Can Working Less Make You More Productive?
Living a balanced life has never been the easiest thing to do, especially when it comes to the demands of working in a modern world that never seems to sleep. That, however, may change sooner than you think. The case for a 4-day workweek is gaining support around the world, and has already been trialled – with mixed results – in Canada, and countries as far afield as the Netherlands and New Zealand. Most campaigning and trials have been structured around employees working 10 hours a day for 4 days out of 7. According to Shorterworkweek.com, there has even been support for working 8 hours a day for 4 days a week. The site claims the push for decreased working hours has continued for more than 80 years. Given the warmer reception the idea of restructuring employment hours received from businesses and governments, it looks like all that time has not been wasted. There may yet come a day when workers around the world can spend more time doing the things they really enjoy, such as spending time with friends and family, playing games at their favourite casino, going to gym, or simply relaxing in front of the TV.
Examples From Recent Years
One of the earliest cases of shorter work weeks being instituted happened in 2008, when the Utah state government introduced set work times at 10 hours a day, from Mondays to Thursdays. The closure of offices on Fridays was ostensibly to help the US state better manage its operating costs. A regular 5-day week was resumed in 2011, when Governor Gary Herbert’s 5-day workweek legislation veto was overturned by the state legislature. In 2010 and the years that followed, many schools in Hawaii and other US states instituted a week of 4 longer days. 2013 was the year in which then-Gambian president Yahya Jammeh decreed a 4-day week for public servants. Jammeh’s successor, Adama Barrow, changed the law again in 2017, and introduced a half-day’s work on Fridays for public servants.
Positive Results in New Zealand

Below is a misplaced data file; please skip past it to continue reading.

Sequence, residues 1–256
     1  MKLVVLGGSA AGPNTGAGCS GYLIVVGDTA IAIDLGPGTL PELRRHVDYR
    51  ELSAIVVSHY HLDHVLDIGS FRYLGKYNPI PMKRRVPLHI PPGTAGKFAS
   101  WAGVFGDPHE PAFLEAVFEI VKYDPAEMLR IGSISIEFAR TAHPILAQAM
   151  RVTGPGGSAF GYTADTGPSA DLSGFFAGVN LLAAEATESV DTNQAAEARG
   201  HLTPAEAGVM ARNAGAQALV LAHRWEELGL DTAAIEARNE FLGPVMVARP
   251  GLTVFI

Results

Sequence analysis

In February this year, Andrew Barnes, founder of Perpetual Guardian, announced the New Zealand-based company would put a 4-day workweek to the test from March. The announcement was met with disbelief by staff, and interest from other companies looking for ways to ensure their staff are happy and productive. Barnes later said that the trial had been running smoothly. Apart from newly created workgroups looking at ways of working smarter within the new timeframes, staff had already reported positive changes in their professional and personal lives. Among the executives in New Zealand who showed interest in Barnes’ company’s trial are Yellow’s Darren Linton and Sudima Hotels and Resorts’ Phillippa Gimmillaro.
Saving Canadian Jobs
Shorter working hours are just one of the measures adopted by some Canadian companies in a bid to try reduce the number of job cuts due to economic strains. Other measures introduced by companies include voluntary pay cuts or wage freezes, unpaid leave, and various employee benefits. A prime example of this was when 300 Sears Canada employees lost their jobs. A month later, the company’s senior management announced its executives had volunteered a 15 per cent cut in their basic salaries in the hope of staving off future job losses. The move is one supported by the government, including by a Services Canada programme that offers employment insurance benefits to workers who volunteer to work temporarily reduced weeks.
The Dutch Do It Best
Whereas most people think of a shorter workweek as being between 40 and 32-hour weeks, the Netherlands has taken it a step further. Citizens of the tiny European country work an average of 29 hours a week, proving that employee satisfaction and productivity are not mutually exclusive!